Becoming Wild

Living the Primitive Life on a West Coast Island

Nikki van Schyndel

Nikki van Schyndel is not your typical grizzled survivalist. She is a contemporary, urban young woman who threw off modern comforts to spend nineteen months in a remote rainforest with her housecat and a virtual stranger.

Set in the Broughton Archipelago—a maze of isolated islands near northern Vancouver Island—Becoming Wild is a story of survival in the pristine wilderness of BC. Sometimes predator and sometimes prey, twenty-nine-year-old Nikki and her companion Micah fend off the harsh weather, hungry wildlife, threat of starvation and the endless perils of this rugged Raincoast. To survive, Nikki must rely on her knowledge of BC’s coastal flora and fauna, and the ancient techniques of hunting and gathering. In this remote world she learns to skin bears, make clothes from cedar bark and take great joy in gobbling a fish tail whole.

Told in a voice that is both familiar and vulnerable, Becoming Wild explores our innate longings to connect with nature and revert to a pure, Eden-like state.

“Becoming Wild is a must read for anyone concerned about the future of people and the natural world. Nikki van Schyndel’s incredible story tugs strongly at the heart of one of modern life’s greatest challenges: the massive disconnection of people from nature. Nikki’s deep calling to ancient knowledge, skills and authentic experience leads to powerful connections and reawakens ancient instincts, sensibilities and perceptions that are now mostly gone from modern people. After becoming wild, Nikki returns to post-modern life to discover how far away her known communities have gotten from this original relationship—as all people realize when they reconnect with nature. Nikki’s heartfelt and transparent self-discovery, reconciliation and renegotiation with self, others and the offerings of our world is a model all can benefit from.”

–Jon Young, author of What the Robin Knows (Houghton Mifflin Harcourt), and founder of Wilderness Awareness School


“Humbling and, at times, plain jaw-dropping!”

Pacific Nor’west Boating magazine

“An unusual, compelling perspective on 19 months in the bush: by which time you may be ready to venture out yourself.”

–The Vancouver Sun

“By forsaking almost all technology known to modern man, Nikki and Micah have taken wilderness dwelling far beyond the boundaries that most seekers of the wild will ever do. Who could imagine anyone these days building a bear trap with logs tied with homemade twine? As with Thoreau, their wilderness sojourn was not permanent, but they suffered endless deprivation, starvation and extreme discomfort; however the experience was a real eye-opener as to what anyone can do if you put your mind to it. These lessons have enriched their lives in a way that few would understand: this well-written book goes a long way towards enriching ours.”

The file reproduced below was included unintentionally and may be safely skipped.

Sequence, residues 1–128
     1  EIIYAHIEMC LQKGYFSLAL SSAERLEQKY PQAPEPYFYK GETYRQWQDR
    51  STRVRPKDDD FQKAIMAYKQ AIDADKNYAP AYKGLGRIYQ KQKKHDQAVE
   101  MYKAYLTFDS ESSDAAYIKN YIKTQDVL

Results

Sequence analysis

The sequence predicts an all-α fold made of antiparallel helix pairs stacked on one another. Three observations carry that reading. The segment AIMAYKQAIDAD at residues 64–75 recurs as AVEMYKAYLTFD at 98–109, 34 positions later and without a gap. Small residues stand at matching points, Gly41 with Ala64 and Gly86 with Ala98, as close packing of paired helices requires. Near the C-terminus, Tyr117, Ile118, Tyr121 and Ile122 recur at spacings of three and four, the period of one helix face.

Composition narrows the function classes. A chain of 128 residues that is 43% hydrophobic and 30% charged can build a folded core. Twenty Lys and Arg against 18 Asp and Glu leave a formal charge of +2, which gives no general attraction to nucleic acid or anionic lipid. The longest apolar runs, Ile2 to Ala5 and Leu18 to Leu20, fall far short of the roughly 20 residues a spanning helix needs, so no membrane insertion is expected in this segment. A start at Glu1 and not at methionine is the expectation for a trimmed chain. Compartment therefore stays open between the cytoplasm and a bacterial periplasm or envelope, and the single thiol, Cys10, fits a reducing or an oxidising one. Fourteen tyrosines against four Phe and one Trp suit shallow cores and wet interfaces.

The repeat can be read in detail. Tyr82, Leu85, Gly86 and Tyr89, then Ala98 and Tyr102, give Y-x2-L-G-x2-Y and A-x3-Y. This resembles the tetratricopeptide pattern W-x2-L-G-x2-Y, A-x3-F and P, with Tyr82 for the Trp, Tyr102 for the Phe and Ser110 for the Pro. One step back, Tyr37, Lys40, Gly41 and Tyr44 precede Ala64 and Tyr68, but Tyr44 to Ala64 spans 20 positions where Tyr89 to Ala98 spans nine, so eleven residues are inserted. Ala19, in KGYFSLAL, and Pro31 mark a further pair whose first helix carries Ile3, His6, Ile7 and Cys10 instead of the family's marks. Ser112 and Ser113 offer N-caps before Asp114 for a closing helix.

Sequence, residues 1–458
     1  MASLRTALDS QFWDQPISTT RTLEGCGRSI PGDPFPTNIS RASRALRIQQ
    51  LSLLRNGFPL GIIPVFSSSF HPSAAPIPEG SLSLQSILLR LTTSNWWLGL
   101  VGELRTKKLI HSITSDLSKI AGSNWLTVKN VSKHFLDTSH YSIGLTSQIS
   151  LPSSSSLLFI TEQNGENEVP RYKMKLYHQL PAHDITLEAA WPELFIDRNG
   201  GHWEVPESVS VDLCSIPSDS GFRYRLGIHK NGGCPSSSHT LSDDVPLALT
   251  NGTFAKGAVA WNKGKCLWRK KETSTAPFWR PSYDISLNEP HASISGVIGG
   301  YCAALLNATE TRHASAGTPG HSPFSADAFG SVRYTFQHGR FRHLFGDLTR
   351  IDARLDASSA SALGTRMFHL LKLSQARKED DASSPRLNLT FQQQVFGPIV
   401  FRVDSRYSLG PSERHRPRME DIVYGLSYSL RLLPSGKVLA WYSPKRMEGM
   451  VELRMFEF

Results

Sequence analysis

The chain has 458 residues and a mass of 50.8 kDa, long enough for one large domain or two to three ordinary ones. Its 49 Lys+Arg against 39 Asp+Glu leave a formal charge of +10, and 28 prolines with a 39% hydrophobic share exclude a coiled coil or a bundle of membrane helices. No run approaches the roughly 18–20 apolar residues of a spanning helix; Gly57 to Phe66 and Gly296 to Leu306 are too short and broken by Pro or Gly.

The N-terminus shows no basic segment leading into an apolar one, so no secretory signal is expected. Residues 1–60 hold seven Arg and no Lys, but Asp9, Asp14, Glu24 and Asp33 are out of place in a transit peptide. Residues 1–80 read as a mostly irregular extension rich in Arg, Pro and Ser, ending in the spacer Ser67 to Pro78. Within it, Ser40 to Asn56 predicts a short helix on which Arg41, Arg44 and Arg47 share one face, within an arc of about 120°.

–Chris Czajkowski, author of Cabin at Singing River (Raincoast Books) and Lonesome: Memoirs of a Wilderness Dog (TouchWood Editions)


“Nikki is the real thing and she is all that you might imagine. Focused, self-reliant, competent and inspiringly alive. Her rite of passage reminds us all of our own possibilities.”

–Wes Gietz, co-author of Peak States of Consciousness

“I have to hand it to Nikki Van Schyndel, she must be tough as nails under that pink toenail polish. She and her companions, a young man and a cat, succeed; and they complete their 19 month retreat in BC’s Broughton Archipelago and return to their friends and family alive and well … fascinating, funny, inspiring …”

–Rebecca Graham, environmental artist, Runnawick.com

Becoming Wild is the kind of book you don’t want to end. When I finished it, I started reading it again.”

–Erik Shou Hammerum

“Not being an outdoors person, I was an unlikely candidate to find this book so captivating! I found it so totally absorbing I couldn’t put it down.”

–JI Boehn

Bumping and grinding along the shoreline, we finally found a safer place to jump from the boat. We scrambled along the slippery rocks, pulling Gribley to safety with only minor dents. About 15 minutes remained before the already dark grey sky would turn out all the lights.

We had entered the second stage of hypothermia, with an increasing loss of motor function, blue lips, and deathly pale digits. We shook uncontrollably. I, luckily, wore a hat, but Micah had left the lean-to wearing only a skimpy amount of winter clothing.

We did a hasty inventory of our supplies. Shivering, I shoved my hands into the pockets of my soaking wet jeans, searching for the survival goodies I should have had. I flashed back to a thought that crossed my mind at the lean-to: “Oh well, Micah has his lighter.” We had agreed to carry a lighter that we would use only in the event of a life-threatening emergency. It became a test of willpower, knowing a quick flick of fire hid in our pockets. However, when we held out our hands now, displaying our offerings, we each held only a knife. No tinder material, no garbage bag, no piece of rope, no lighters, nothing. A deflating silence punctured our shred of gusto.

“Here’s our test of survival,” I thought.

Read another excerpt at 49thshelf.com.